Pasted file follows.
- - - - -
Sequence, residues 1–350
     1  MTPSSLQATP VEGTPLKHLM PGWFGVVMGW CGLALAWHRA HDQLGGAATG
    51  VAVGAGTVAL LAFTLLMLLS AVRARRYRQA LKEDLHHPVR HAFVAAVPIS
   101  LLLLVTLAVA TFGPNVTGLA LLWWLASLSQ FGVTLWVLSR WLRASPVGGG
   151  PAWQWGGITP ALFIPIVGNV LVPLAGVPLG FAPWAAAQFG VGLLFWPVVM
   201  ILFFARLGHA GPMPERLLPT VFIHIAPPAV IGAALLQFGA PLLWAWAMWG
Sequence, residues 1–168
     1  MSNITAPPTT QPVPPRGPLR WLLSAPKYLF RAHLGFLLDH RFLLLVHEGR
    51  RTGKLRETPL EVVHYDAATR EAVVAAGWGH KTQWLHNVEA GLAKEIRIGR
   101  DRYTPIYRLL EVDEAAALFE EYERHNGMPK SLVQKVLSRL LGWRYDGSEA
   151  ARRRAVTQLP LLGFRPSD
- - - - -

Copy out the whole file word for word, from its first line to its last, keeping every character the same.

Sequence, residues 1–350
     1  MTPSSLQATP VEGTPLKHLM PGWFGVVMGW CGLALAWHRA HDQLGGAATG
    51  VAVGAGTVAL LAFTLLMLLS AVRARRYRQA LKEDLHHPVR HAFVAAVPIS
   101  LLLLVTLAVA TFGPNVTGLA LLWWLASLSQ FGVTLWVLSR WLRASPVGGG
   151  PAWQWGGITP ALFIPIVGNV LVPLAGVPLG FAPWAAAQFG VGLLFWPVVM
   201  ILFFARLGHA GPMPERLLPT VFIHIAPPAV IGAALLQFGA PLLWAWAMWG
Sequence, residues 1–168
     1  MSNITAPPTT QPVPPRGPLR WLLSAPKYLF RAHLGFLLDH RFLLLVHEGR
    51  RTGKLRETPL EVVHYDAATR EAVVAAGWGH KTQWLHNVEA GLAKEIRIGR
   101  DRYTPIYRLL EVDEAAALFE EYERHNGMPK SLVQKVLSRL LGWRYDGSEA
   151  ARRRAVTQLP LLGFRPSD